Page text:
Nosepicker (2023)

“If we can be brave enough to put our finger on what’s uncomfortable in our lives,” says school counsellor Mr Hopkins (Mark Garfield) in writer/director Ian Mantgani’s short film Nosepicker, “we can start to shed our uncomfortable skins, and move past them into a new phase. Become more of who we are supposed to be.”

Hopkins is speaking to eight-year-old Georgie Freeman (Leo Adoyeye), who has been brought to the counsellor by biology teacher Miss Poppy Barun (Abi Corbett). Georgie is different, and both are concerned about him, as is his mother Sarah (Bridgette Amofah). The focal point of his difference is a compulsive habit of openly picking his nose and placing the snot under his school desk. This ordinary yet antisocial practice makes him the object of vicious mockery and bullying from classmates who brand him “disgusting” and “slimy freak”.

Yet Georgie’s nosepicking is a symptom rather than the essence of his problem. Even more alarmingly, he has also stopped talking altogether, and does not utter a single word throughout the short. In the classroom, among his peers, this quiet mixed-race boy has become withdrawn – and given that this is a largely white environment, with his teacher, his counsellor and his tormentors all Caucasian, it is hard not to see his alienation in racial terms (Hopkins’ words “we can start to shed our uncomfortable skins” resonate with their own discomfort). 

Miss Barun and Mr Hopkins just want Georgie to conform to their white values and norms – and in a more complicated way, so does his Black mother, anxiously declaring to her husband (Simon Bubb): “I don’t want our son to be a freak.” Yet all their insistent interventions will just drive Georgie out of the open and into a greater furtiveness. For now he picks his nose in secret, gathering the issued materials into a gooey pile on his bedroom dresser. From this mucous mass, he will find a true expression of the self that he has been made to repress – and his vicarious vengeance will not be pretty.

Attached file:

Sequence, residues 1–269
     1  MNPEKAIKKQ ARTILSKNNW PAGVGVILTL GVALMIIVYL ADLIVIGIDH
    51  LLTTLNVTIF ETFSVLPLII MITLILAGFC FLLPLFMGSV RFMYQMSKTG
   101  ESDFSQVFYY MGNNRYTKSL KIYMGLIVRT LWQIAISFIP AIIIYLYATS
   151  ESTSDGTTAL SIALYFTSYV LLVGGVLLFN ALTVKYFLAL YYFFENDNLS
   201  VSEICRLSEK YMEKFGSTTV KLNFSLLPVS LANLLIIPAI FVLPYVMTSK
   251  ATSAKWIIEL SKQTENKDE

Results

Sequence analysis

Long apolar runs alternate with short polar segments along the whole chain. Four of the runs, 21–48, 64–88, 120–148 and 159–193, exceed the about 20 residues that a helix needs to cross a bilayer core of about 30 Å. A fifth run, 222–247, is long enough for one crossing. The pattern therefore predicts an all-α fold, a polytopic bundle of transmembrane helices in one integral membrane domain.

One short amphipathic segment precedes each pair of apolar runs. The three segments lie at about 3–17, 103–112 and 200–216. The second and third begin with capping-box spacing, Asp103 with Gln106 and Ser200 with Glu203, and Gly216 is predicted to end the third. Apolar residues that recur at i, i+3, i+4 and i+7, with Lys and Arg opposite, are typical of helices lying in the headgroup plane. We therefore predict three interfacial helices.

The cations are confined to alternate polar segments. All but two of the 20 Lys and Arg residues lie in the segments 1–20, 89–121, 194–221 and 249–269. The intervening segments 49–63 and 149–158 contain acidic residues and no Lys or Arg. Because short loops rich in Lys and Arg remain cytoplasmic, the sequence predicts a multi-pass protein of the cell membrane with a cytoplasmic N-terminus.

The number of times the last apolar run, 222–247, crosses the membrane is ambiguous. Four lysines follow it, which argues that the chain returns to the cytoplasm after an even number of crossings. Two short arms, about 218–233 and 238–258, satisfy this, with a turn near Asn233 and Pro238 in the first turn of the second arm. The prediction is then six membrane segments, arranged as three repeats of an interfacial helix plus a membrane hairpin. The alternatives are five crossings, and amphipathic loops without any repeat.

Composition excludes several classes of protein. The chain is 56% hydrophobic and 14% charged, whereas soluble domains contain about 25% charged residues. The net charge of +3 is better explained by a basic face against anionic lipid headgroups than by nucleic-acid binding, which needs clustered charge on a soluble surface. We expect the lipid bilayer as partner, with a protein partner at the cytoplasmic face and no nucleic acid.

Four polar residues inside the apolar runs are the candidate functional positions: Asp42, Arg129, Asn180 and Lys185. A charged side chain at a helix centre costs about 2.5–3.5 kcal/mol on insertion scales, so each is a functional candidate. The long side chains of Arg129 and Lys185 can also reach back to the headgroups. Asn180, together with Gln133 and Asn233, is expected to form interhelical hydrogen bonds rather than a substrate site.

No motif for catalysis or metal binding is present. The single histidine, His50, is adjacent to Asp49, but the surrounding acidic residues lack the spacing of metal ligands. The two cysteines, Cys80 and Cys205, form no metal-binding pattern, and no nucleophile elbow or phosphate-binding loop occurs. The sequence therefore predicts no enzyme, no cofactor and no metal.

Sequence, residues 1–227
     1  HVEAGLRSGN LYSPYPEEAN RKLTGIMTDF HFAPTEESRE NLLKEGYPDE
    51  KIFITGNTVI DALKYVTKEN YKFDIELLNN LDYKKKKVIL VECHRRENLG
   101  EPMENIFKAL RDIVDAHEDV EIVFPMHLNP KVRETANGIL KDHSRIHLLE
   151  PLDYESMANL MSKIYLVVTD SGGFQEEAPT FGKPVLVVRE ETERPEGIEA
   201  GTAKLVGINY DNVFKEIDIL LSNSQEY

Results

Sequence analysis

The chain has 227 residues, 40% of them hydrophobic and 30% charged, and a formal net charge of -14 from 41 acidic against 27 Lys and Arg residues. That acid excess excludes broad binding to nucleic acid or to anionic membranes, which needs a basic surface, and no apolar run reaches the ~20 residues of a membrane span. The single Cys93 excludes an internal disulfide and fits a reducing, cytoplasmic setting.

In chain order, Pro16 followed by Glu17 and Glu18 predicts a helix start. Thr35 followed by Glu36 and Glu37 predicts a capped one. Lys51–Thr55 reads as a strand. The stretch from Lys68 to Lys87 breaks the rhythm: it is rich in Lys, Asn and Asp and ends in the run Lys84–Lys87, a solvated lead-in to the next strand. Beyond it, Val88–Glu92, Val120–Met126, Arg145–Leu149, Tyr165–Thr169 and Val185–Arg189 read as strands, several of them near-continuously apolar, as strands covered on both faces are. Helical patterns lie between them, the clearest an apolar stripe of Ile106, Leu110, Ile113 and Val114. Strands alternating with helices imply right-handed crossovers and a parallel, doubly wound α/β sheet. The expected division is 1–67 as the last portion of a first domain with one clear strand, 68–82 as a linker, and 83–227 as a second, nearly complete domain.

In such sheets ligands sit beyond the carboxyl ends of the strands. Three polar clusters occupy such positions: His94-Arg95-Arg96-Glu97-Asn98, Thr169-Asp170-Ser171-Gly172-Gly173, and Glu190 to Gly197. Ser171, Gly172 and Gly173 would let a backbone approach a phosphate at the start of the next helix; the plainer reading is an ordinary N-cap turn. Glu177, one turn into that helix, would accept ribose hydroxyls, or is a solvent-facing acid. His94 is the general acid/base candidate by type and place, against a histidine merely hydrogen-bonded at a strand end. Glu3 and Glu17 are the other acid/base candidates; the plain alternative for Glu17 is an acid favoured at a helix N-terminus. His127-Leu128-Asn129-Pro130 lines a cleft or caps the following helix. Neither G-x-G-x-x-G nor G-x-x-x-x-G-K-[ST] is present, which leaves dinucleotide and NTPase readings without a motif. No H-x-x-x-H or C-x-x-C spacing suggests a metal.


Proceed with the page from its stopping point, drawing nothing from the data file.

Nosepicker uses the tropes of horror – and in particular a mode of Eighties horror that is all practical effects and overt schlockiness – to show a young, withdrawn boy finally letting out what everyone has been telling him to keep inside. The (literal) bogeyman of the piece is a green-glowing, viscous blob that, while Georgie sleeps, fluidly converts the boy’s every unspoken revenge fantasy into a grotesque reality. This is horror of abjection, taking something that most viewers will find at least a little icky, and turning it into the transgressive vehicle of sweet little Georgie’s innermost id, as he, in keeping with his counsellor’s words, indeed proves brave enough to put his finger on what is uncomfortable in his life. 

strap: Ian Mantgani’s Eighties-inflected horror short puts otherness and abjection on (or under) the table through a literal bogeyman

© Anton Bitel